This is my daughter’s toddler porcupine costume from this year. I had narrowed her costume choices down to a few and showed her some pictures of them. She got very excited when she saw the porcupine and exclaimed, “Poopy-pine!” That pretty much settled it. Every time anyone mentioned costumes or Halloween, she would yell “Poopy-pine!” and she told EVERYONE that was what she was going to be. It was super cute.

Making my Toddler Porcupine Costume

I started by carving a porcupine head from a block of white foam, which we made by gluing several layers of Styrofoam together. I used a serrated knife to shape the nose and mouth, eyes, ears and rounded head. Then, I cut a round opening in the bottom so she could wear it like a hat.

We added ribbon inside the hat part that tied under her chin to help hold it on. We made sure to carve out places for the eyes and added ears for extra detail. For eyeballs, we used the black glossy rocks like they use in fish tanks.

Here’s the mess we had after carving the head:

mess after carving head

We glued black fun fur over the foam head and ended up shaving/trimming the fur down so it wasn’t too long over the nose and mouth. We painted the nose and mouth a bit to add detail to the face.

I made a shirt and pants out of the same black fur which used about a yard between the head and body. They were simple black pants with an elastic band and a basic shirt, which I cut up the back and sewed ribbon to tie it in the back. I then cut a cape out of the gray, black and white patterned fur for the back. It tapered down into a wide, rounded tale like a porcupine. We also added a long piece of this fur to the head, from the ears back, so that it hung down to meet the cape.

Adding the Quills

We took several sheets of craft foam (10 sheets of 8×12 – 5 gray and five black) and painted white stripes on it long ways. Then I cut the sheets into strips about a 1/2″ wide at the base and tapering to a point. We got about 50 strips for quills per sheet, so there were around 500 total. I used a hot glue gun and added the quills to the head and down the cape.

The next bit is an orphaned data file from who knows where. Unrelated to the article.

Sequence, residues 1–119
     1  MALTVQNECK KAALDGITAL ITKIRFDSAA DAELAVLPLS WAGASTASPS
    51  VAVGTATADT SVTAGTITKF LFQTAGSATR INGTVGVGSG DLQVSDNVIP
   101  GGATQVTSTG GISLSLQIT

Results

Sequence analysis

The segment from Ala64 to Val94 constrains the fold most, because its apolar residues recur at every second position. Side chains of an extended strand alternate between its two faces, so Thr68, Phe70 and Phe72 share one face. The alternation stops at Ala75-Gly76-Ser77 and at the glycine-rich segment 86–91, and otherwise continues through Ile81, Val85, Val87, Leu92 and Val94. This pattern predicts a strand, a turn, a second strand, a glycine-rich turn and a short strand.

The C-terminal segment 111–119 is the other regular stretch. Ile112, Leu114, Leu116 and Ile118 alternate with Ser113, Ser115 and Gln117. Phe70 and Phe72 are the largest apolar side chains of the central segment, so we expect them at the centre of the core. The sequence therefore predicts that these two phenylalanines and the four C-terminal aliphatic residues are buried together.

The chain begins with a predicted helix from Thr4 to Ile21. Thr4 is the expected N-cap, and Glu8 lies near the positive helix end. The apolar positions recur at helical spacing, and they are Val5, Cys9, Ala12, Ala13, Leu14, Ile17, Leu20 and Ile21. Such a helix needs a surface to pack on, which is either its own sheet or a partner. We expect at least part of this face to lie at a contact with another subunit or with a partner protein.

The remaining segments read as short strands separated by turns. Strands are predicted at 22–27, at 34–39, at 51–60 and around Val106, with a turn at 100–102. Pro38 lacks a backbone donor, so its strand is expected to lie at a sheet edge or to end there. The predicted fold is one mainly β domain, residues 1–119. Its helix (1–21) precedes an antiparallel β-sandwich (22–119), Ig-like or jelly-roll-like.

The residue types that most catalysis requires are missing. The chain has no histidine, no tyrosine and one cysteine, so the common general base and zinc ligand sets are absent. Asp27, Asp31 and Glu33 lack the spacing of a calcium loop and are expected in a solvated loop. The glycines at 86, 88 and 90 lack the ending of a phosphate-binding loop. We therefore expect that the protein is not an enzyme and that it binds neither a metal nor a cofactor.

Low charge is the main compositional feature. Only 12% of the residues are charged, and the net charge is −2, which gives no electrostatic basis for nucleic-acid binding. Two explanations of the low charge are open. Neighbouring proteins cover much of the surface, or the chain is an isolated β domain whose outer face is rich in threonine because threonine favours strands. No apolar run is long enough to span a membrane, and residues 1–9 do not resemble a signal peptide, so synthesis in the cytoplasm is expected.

I had to spread the fur apart to make sure the glue was getting to the material and not just sticking to the fur. Then, I put glue along the base of quill, along the wider part, and stuck them to the cape and head, holding them until they set. I did use some smaller quills and mostly gray at the front of the face.

They stood up very well on their own and were super cute. Best of all, they stuck out like quills but were safe for a two year old in a crowd :)

This is my daughter's porcupine costume from this year. She is two.We carved a porcupine head from a block of foam, cutting a round opening in the

This is my daughter's porcupine costume from this year. She is two.We carved a porcupine head from a block of foam, cutting a round opening in the

Reactions to Our Toddler Porcupine Costume

It took most of one Sunday to make the head and sew the body. I spent the better part of another Sunday gluing the 500 quills to the fur, so probably 20 hours total. It turned out really well and we had a lot of great comments. The costume was very warm and light, which meant she actually kept it on for trick or treating both times we went! Keeping a two year old in costume for a couple hours at a time is not easy! Since the cape and head easily slipped off, she could take a break as well, which was helpful!

She won both of the small costume contests that we did and had about 50 people stop to take her picture. Even better, my daughter still tells everyone she was a “poopy-pine” and had a blast.